So far it hasn’t affected the second season, but it has complicated
things. Guillermo [del Toro] was going to do one but he can’t because
they’re constantly throwing giant studio films at him. Various other
people – Rob Zombie was going to do one, but his tour looks like it’s
going to go through Halloween and we shoot up to October and then
that’s our season. Other than shifting people’s schedules we can’t
schedule around a filmmaker because once we start we don’t stop until
we finish shooting all of the episodes.

Let’s just assume for the sake of argument that Showtime doesn’t want
to bring the show back for a third season – is it possible that Masters of Horror might live on as a direct to DVD series?

Garris: It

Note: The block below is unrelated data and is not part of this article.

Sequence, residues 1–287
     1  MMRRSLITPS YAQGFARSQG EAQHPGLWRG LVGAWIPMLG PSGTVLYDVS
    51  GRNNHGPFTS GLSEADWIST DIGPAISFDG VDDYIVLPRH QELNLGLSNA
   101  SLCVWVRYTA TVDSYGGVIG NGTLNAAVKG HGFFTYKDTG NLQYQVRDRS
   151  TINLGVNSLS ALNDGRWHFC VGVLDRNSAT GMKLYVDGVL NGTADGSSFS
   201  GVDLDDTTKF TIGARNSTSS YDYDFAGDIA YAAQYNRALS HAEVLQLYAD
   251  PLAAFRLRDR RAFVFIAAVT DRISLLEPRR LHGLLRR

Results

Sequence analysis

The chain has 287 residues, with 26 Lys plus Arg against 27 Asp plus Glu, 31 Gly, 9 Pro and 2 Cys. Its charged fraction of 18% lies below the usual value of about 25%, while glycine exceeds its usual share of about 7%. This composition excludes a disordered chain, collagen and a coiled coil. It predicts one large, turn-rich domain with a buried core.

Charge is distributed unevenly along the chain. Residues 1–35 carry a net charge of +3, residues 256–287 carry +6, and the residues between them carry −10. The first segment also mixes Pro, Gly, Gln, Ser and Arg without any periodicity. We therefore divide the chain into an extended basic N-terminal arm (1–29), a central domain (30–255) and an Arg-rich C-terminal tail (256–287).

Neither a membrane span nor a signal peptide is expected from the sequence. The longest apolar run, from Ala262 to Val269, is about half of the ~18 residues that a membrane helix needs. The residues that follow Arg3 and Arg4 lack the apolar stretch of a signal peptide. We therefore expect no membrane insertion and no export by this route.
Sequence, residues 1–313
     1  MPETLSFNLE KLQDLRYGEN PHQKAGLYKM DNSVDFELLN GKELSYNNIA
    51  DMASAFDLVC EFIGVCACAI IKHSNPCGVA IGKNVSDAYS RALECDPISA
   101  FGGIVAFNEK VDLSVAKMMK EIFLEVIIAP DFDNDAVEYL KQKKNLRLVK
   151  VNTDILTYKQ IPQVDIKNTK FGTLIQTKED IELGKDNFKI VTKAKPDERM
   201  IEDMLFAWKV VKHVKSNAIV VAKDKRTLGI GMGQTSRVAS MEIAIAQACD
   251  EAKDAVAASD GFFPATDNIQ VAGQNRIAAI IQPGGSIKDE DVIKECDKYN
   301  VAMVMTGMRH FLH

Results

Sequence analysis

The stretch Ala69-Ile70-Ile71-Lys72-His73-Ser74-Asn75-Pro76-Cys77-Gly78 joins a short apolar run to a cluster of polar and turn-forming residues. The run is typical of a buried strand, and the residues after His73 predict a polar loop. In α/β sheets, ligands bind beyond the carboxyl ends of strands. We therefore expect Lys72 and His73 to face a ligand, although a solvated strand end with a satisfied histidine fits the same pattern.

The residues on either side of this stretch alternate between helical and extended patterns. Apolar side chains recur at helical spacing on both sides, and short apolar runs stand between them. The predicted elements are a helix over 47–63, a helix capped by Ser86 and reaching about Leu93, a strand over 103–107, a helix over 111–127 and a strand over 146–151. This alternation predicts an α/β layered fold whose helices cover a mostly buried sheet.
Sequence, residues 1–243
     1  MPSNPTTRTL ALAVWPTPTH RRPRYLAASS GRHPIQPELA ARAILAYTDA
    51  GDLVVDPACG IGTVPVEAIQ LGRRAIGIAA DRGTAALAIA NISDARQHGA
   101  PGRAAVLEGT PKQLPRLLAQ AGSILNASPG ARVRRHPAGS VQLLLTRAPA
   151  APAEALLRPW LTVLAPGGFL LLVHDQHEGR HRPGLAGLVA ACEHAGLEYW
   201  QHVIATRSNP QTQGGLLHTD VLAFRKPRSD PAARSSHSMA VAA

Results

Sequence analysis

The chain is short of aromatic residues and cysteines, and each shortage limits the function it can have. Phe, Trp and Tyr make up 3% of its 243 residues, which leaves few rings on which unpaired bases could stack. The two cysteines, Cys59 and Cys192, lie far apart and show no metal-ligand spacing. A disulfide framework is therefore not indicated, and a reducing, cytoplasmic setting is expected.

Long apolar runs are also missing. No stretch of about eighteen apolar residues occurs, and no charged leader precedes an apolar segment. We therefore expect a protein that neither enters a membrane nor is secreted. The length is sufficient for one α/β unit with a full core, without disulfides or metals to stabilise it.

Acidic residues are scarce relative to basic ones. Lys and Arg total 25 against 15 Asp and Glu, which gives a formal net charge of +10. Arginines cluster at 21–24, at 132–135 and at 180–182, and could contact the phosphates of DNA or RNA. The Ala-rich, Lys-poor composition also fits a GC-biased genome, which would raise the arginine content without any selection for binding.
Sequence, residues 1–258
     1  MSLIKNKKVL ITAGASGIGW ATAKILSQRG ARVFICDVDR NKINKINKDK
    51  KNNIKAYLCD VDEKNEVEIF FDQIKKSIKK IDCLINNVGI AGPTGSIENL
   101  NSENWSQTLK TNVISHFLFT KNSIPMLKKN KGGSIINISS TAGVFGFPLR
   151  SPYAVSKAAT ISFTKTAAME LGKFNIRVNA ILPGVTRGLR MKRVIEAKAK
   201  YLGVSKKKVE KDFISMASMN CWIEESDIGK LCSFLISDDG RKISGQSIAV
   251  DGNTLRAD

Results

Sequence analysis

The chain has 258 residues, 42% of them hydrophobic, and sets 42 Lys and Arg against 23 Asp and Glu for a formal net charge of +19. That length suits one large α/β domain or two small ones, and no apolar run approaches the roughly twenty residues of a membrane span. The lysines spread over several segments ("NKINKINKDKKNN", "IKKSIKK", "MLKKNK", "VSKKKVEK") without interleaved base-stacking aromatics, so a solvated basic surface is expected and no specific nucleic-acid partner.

is possible. In fact, we would have done it even if Showtime hadn’t
signed on. We pitched it to the only two networks that were viable for
us because of the edict I had laid down when I created the show, which
was that there would be no commercials and no censorship. The only we
could have done this show was to do it with an HBO or a Showtime. We
met with both of them and I expected HBO, who has very snooty tastes,
to not be interested at all – and they like to own everything. They
were very interested, though, and they pursued it for a number of
weeks. But since it’s financed by a DVD company they couldn’t have all
the international and ancillary markets that’s important to t hem.
Showtime always was the right home for it.

no reason to believe there won’t be a third season with Showtime. Even
though they don’t put a lot of promotion into the show because it’s not
owned by them – shows like Weeds or Barbershop they put a lot into – but I believe we’re their second highest rated series.

Q: Even though they’re not promoting it, the show has a lot of visibility.